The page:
This is happening in many areas of work that typically have by union representation. Non-union businesses are squeezed out of bidding processes, and can’t be competitive because the rules are different. Labor laws don’t evenly apply to union businesses because their collective bargaining agreements exempt them. During the bidding with government agencies, union companies are often given a “last look” at the bid, or are simply awarded the contract outright because they are union affiliated. Many cities in California hire only union companies as contractors. And in some cases, businesses are sometimes threatened with a union takeover attempt.

While Assembly Speaker John Perez, D-Los Angeles, has been touting his “job-creating tax credits,” on Tuesday the Legislature approved “job creation measures” claiming that they will put Californians back to work. “One bill will help put construction workers back to work by providing tax incentives to first-time homebuyers, spurring the construction of new homes and the sale of existing housing stocks,” said Perez.

Speaker Perez claims that these measures will help get Californians working again. What he’s not saying is that these measures will only put union contractors to work again at very high costs, and put non-union contractors out of work.

Ask Mary’s husband how secure he feels right now.

Katy Grimes

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  1. stevefromsacto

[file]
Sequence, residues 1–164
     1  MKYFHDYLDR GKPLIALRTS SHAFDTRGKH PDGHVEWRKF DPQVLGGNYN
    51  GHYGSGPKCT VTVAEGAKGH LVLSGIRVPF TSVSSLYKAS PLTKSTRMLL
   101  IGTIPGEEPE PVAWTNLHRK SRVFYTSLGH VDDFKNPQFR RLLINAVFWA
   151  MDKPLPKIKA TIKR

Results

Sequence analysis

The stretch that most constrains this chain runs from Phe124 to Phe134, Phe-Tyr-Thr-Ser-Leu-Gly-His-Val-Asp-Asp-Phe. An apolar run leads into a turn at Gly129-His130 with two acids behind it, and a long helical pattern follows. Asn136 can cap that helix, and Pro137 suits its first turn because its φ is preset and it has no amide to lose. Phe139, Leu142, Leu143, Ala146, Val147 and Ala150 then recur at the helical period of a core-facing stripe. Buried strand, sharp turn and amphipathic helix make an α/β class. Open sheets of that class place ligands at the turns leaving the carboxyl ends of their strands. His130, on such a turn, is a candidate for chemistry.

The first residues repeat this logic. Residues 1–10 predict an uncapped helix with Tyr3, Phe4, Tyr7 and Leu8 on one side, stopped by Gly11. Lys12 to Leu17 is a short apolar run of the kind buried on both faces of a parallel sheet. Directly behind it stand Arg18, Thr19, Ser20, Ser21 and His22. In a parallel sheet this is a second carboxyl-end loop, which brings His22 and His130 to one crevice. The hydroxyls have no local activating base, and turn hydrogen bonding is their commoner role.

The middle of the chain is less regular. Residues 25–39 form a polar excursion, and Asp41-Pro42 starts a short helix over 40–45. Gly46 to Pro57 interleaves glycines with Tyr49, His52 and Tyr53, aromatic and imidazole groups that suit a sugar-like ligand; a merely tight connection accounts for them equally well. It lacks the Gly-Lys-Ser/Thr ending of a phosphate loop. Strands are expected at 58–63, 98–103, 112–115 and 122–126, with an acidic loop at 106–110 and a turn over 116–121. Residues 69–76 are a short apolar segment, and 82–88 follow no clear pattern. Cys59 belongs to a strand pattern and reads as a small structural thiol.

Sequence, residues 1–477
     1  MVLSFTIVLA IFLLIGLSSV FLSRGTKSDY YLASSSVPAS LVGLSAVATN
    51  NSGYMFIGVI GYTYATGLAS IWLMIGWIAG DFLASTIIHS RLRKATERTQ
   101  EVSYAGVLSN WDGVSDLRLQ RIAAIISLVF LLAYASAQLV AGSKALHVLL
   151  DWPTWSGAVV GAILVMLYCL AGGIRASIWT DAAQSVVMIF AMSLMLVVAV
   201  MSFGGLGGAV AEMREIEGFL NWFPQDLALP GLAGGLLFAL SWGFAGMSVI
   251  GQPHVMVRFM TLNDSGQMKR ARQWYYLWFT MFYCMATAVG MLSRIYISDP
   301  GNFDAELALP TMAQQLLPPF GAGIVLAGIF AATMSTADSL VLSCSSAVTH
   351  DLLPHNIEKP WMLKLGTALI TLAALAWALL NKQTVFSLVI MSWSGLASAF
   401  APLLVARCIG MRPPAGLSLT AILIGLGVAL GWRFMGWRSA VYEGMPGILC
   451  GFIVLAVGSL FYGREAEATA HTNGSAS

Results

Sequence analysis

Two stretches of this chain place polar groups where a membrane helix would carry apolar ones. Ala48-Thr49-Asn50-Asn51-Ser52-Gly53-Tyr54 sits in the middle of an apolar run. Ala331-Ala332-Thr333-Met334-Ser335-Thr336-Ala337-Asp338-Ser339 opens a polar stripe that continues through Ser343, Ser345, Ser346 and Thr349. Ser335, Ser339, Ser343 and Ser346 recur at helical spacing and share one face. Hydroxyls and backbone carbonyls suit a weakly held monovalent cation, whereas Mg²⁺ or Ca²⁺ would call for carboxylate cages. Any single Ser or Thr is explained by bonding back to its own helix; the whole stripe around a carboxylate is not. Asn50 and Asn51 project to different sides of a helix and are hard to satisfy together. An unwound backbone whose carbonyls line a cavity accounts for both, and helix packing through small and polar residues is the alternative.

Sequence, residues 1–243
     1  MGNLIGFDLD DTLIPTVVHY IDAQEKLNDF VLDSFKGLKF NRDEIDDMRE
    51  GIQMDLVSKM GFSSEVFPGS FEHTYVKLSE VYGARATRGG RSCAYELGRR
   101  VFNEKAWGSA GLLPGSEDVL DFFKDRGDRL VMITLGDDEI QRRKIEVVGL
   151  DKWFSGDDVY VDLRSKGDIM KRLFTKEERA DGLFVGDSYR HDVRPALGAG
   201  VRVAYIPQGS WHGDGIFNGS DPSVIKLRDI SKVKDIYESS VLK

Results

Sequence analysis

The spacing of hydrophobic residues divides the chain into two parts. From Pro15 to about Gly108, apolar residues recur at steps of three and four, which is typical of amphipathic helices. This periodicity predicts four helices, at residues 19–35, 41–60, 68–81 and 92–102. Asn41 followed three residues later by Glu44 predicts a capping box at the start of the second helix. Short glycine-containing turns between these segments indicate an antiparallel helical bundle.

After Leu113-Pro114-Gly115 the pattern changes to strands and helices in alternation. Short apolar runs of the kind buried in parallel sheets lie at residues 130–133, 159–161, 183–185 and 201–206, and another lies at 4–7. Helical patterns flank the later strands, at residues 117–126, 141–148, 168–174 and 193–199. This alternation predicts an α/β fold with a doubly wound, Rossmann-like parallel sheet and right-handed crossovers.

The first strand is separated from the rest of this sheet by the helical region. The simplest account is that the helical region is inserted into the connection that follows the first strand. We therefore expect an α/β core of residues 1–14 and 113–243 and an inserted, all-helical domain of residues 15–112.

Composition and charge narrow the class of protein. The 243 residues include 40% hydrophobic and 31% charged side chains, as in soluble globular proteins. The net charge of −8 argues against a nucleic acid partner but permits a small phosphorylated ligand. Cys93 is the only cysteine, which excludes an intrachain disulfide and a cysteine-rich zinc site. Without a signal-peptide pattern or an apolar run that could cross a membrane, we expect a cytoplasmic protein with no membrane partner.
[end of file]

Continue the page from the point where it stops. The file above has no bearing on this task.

stevefromsacto 26 March, 2010, 20:37

    What’s the message, Katy? No jobs at all are better than union jobs? That’s pathetic.

    Reply this comment
  2. EastBayLarry
    EastBayLarry 27 March, 2010, 05:53

    It’s easy to see that the unions have become primarily political action committees where their main objective is not protecting the worker, but promoting themselves.
    Does anybody think that forcing the small business owner out of business helps the economy or the unemployment numbers?

    Reply this comment
  3. stevefromsacto
    stevefromsacto 27 March, 2010, 10:37

    It used to be in this country that the concept of providing workers with decent pay and benefits was a good thing. But the Rabid Right has somehow turned that concept upside down so that decent wages and benefits are now bad for the country and that people who try to organize to improve their lot in life are “thugs” or “goons.”

    Answer the question, Larry, are you saying that no jobs at all are better than union jobs?

    Reply this comment
  4. devid
    devid 28 March, 2010, 05:27

    l’am looking for a job can you help me for heaven’ sake

    Reply this comment
  5. EastBayLarry
    EastBayLarry 28 March, 2010, 06:07

    Are YOU saying that a few, expensive union jobs will restore our economy? I say that a very large number of jobs, mostly non-union, is what this state needs.
    You mention how things ‘used to be’. Yes, it used to be that unions prvoided much needed reforms that prevented worker abuse that bordered on slavery. That was needed. The current actions of unions is mostly about making it impossible to fire a lazy and unproductive worker in favor of a worker that would actually work.

    Reply this comment
  6. StevefromSacto
    StevefromSacto 1 April, 2010, 09:40


    I am saying that you would rather have no jobs at all than union jobs. And that’s sad. ANY new job–union or non-union, public or private–helps the eocnomy.

    And if you honestly believe that, without unions, employers wouldn’t go back to the “good old days” of cutting wages and benefits, firing without cause, etc., I have a bridge to sell you a little west of your location.

    Reply this comment